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Development of the Float Gas Sensor

 A combustible gas monitoring system in severe environment such as sewage processing plants for a long period of time has been developed. The concept and design of the novel gas sensing system is introduced in this page.

 

 

 

THE NEED

 It has been a grave concern for big cities like Tokyo that spilled combustible liquid, such as gasoline, caused by traffic accidents in highways may flow into the cityfs sewage system, and this may result in abrupt increased risk of explosion in the sewage disposal facilities. In order to cope with such a disaster swiftly, a development of the combustible gas monitoring system has initiated.

 

TECHNICAL CHALLENGES

(1)Degradation of sensor performance in the severe environment

 Hydrogen sulfide and other gases that degrade gas sensorfs performance are often contained in the sewage atmosphere. Keeping sensorfs integrity for a long time is a tough challenge. Conventional catalytic sensors could not be used for this reason.

(2)Difficulty in gas sampling

 Combustible gases are usually heavier than air; therefore, the gases are always stays near the water surface. In order to promptly detect combustible gases flown in, it is desirable to sample gases near the surface. However, there are two difficult challenges to achieve the goal:

  • The surface level changes all the time due to rain fall and other human factors.
  • Sampling tubes easily clog due to various contaminants in the sewage water.

 

THE DEVELOPMENT OF THE FLOAT GAS SENSOR

(1)Utilization of the optical VOC Sensor (IER method)

Principle of the VOC sensor (IER method)

 A thin film VOC (Volatile Organic Compounds) sensor developed by O.S.P. Inc. is used in the system. The polymer thin film selectively absorbs organic compounds and slightly changes its thickness; the displacement is then optically detected to measure gas concentrations. Long time durability under the sewage atmosphere has been confirmed.

 

 

 

 

 



(2)Float Gas Sampling System

 

 A plastic float, which is suspended by a stainless wire, is utilized in order to sample gases near the water surface. A curled sampling tube is attached to the float. The wire is spooled out from a tensional reel so that the wire will not touch the water regardless of the surface level. This is very important because accumulation of debris on the wire and tube will eventually hampers smooth movement of mechanical parts. This system has been also tested for a long time at a sewage facility. There was no problem even when experiencing extraordinary water flow due to a typhoon passing through the Tokyo area at the time.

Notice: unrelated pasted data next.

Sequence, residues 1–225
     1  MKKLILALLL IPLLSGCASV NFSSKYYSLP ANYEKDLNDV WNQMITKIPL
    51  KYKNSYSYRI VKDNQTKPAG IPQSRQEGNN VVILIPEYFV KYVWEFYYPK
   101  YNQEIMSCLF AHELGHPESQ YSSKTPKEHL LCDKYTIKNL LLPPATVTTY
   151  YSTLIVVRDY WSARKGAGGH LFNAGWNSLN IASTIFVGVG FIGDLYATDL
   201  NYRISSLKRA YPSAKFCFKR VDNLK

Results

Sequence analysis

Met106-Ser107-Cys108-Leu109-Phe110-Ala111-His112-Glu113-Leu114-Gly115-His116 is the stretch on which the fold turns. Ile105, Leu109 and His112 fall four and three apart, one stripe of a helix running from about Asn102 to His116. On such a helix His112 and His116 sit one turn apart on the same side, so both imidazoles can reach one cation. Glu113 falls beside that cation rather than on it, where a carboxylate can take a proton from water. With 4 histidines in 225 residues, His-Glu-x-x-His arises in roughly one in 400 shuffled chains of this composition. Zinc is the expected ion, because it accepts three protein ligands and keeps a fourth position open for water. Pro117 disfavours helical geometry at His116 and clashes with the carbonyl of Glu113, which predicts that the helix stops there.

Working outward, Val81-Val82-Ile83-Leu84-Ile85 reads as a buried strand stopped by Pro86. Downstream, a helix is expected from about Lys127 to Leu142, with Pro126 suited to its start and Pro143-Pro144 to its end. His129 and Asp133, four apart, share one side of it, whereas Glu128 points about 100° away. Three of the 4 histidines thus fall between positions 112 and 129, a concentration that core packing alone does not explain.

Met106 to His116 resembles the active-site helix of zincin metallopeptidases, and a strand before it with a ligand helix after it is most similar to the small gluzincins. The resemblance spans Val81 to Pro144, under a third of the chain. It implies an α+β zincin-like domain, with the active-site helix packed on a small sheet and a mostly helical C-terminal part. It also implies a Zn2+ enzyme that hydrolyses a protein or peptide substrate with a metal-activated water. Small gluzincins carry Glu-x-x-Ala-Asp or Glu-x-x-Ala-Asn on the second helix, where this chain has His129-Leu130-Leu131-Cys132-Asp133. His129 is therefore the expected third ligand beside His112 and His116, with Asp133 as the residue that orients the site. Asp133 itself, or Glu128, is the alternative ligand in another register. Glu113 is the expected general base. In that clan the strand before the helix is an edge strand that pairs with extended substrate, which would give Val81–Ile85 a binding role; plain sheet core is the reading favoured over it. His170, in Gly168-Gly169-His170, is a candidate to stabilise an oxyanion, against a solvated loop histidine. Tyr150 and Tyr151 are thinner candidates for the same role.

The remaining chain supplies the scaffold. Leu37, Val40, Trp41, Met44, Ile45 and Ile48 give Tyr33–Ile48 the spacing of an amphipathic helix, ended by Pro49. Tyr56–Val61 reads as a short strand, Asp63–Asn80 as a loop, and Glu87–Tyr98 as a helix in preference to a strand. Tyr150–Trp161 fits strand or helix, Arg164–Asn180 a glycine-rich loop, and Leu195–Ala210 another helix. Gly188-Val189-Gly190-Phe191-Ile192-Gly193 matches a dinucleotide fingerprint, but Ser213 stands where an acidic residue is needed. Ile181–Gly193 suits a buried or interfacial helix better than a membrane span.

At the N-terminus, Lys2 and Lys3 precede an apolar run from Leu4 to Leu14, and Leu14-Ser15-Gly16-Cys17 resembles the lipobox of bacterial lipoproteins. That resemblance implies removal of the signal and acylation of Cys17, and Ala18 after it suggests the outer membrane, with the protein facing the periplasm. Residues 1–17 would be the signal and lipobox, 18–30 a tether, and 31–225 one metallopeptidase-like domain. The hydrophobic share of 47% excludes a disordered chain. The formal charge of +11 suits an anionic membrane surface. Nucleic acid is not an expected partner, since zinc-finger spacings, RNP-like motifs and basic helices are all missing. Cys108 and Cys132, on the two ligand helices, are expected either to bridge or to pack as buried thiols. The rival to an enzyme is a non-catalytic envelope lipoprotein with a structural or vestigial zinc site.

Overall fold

(3)Can be used in other gas applications

 Even though sewage facilities can be well prepared for the explosion risk by combustible liquids using this system, the sampling system can also be used in other gas monitoring applications as well.

 

Hard approach and soft approach

 We found engineering projects in sewage facilities are much more challenging than those in other fields. Anything existing in cities will eventually flow in to the terminal processing facilities, and the processing system has to accept all of them. A very high reliability of the system is required. You might think that an easy solution to achieve the goal is to filter those before processing, but unfortunately, it won’t work. The filter will be clogged up by lots of debris in sewage water almost instantly. We chose rather “soft approach” than the hard one to tackle the complex problem. The sensor system swinging back and forth in the sewage water may look fragile, but it does work even in floodwater.

 

This system was developed in collaboration with Bureau of Sewage Tokyo Metropolitan Government, Tokyo Metropolitan Sewerage Service Corporation, O.S.P. Inc, Sakaguchi-giken, Co., and Tokyo Gas Engineering Co.,Ltd.

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